This website uses cookies

As a user in the EEA, your approval is needed on a few things. To provide a better website experience, uses cookies (and other similar technologies) and may collect, process, and share personal data. Please choose which areas of our service you consent to our doing so.

For more information on managing or withdrawing consents and how we handle data, visit our Privacy Policy at:

Show Details
HubPages Device IDThis is used to identify particular browsers or devices when the access the service, and is used for security reasons.
LoginThis is necessary to sign in to the HubPages Service.
Google RecaptchaThis is used to prevent bots and spam. (Privacy Policy)
AkismetThis is used to detect comment spam. (Privacy Policy)
HubPages Google AnalyticsThis is used to provide data on traffic to our website, all personally identifyable data is anonymized. (Privacy Policy)
HubPages Traffic PixelThis is used to collect data on traffic to articles and other pages on our site. Unless you are signed in to a HubPages account, all personally identifiable information is anonymized.
Amazon Web ServicesThis is a cloud services platform that we used to host our service. (Privacy Policy)
CloudflareThis is a cloud CDN service that we use to efficiently deliver files required for our service to operate such as javascript, cascading style sheets, images, and videos. (Privacy Policy)
Google Hosted LibrariesJavascript software libraries such as jQuery are loaded at endpoints on the or domains, for performance and efficiency reasons. (Privacy Policy)
Google Custom SearchThis is feature allows you to search the site. (Privacy Policy)
Google MapsSome articles have Google Maps embedded in them. (Privacy Policy)
Google ChartsThis is used to display charts and graphs on articles and the author center. (Privacy Policy)
Google AdSense Host APIThis service allows you to sign up for or associate a Google AdSense account with HubPages, so that you can earn money from ads on your articles. No data is shared unless you engage with this feature. (Privacy Policy)
Google YouTubeSome articles have YouTube videos embedded in them. (Privacy Policy)
VimeoSome articles have Vimeo videos embedded in them. (Privacy Policy)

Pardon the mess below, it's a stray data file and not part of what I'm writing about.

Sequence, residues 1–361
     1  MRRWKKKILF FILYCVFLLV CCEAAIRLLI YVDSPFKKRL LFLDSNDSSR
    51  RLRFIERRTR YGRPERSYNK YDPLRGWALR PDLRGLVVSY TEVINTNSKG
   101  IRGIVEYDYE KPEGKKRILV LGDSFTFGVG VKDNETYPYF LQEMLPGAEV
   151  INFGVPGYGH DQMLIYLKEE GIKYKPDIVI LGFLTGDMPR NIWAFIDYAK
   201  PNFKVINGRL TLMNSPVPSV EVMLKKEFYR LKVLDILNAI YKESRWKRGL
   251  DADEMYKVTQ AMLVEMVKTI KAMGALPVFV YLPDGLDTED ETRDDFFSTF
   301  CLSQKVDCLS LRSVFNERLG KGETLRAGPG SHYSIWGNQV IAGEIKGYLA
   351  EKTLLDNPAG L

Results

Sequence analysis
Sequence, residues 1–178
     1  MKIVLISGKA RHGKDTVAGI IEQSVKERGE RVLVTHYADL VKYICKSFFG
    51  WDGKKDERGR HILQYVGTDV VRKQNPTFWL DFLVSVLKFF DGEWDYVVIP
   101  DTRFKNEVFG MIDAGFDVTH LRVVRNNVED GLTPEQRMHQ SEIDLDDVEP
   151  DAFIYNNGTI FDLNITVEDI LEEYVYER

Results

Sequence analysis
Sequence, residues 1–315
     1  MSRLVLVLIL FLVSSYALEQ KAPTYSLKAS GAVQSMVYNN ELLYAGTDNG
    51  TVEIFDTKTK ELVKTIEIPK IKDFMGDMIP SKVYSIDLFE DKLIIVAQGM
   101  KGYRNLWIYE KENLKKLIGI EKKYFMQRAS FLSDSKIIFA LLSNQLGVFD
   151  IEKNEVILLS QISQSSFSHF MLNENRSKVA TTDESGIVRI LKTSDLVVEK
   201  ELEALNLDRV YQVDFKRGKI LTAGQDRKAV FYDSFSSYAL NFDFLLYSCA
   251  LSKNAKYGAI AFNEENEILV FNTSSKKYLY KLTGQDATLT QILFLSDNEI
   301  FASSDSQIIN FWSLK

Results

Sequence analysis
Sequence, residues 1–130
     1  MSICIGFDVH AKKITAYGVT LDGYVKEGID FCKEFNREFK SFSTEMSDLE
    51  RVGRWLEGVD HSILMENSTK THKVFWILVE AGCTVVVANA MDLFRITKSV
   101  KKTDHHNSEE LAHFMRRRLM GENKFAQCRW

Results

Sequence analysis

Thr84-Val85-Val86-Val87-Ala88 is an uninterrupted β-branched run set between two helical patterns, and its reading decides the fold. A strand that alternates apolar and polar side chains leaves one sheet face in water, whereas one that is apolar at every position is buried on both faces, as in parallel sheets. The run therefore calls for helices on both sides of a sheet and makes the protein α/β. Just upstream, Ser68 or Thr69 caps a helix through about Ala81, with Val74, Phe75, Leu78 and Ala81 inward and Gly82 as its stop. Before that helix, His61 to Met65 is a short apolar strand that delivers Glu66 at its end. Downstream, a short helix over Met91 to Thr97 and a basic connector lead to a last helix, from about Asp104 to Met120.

PaypalThis is used for a registered author who enrolls in the HubPages Earnings program and requests to be paid via PayPal. No data is shared with Paypal unless you engage with this feature. (Privacy Policy)
Facebook LoginYou can use this to streamline signing up for, or signing in to your Hubpages account. No data is shared with Facebook unless you engage with this feature. (Privacy Policy)
MavenThis supports the Maven widget and search functionality. (Privacy Policy)
Google AdSenseThis is an ad network. (Privacy Policy)
Google DoubleClickGoogle provides ad serving technology and runs an ad network. (Privacy Policy)
Index ExchangeThis is an ad network. (Privacy Policy)
SovrnThis is an ad network. (Privacy Policy)
Facebook AdsThis is an ad network. (Privacy Policy)
Amazon Unified Ad MarketplaceThis is an ad network. (Privacy Policy)
AppNexusThis is an ad network. (Privacy Policy)
OpenxThis is an ad network. (Privacy Policy)
Rubicon ProjectThis is an ad network. (Privacy Policy)
TripleLiftThis is an ad network. (Privacy Policy)
Say MediaWe partner with Say Media to deliver ad campaigns on our sites. (Privacy Policy)
Remarketing PixelsWe may use remarketing pixels from advertising networks such as Google AdWords, Bing Ads, and Facebook in order to advertise the HubPages Service to people that have visited our sites.
Conversion Tracking PixelsWe may use conversion tracking pixels from advertising networks such as Google AdWords, Bing Ads, and Facebook in order to identify when an advertisement has successfully resulted in the desired action, such as signing up for the HubPages Service or publishing an article on the HubPages Service.
Author Google AnalyticsThis is used to provide traffic data and reports to the authors of articles on the HubPages Service. (Privacy Policy)
ComscoreComScore is a media measurement and analytics company providing marketing data and analytics to enterprises, media and advertising agencies, and publishers. Non-consent will result in ComScore only processing obfuscated personal data. (Privacy Policy)
Amazon Tracking PixelSome articles display amazon products as part of the Amazon Affiliate program, this pixel provides traffic statistics for those products (Privacy Policy)
ClickscoThis is a data management platform studying reader behavior (Privacy Policy)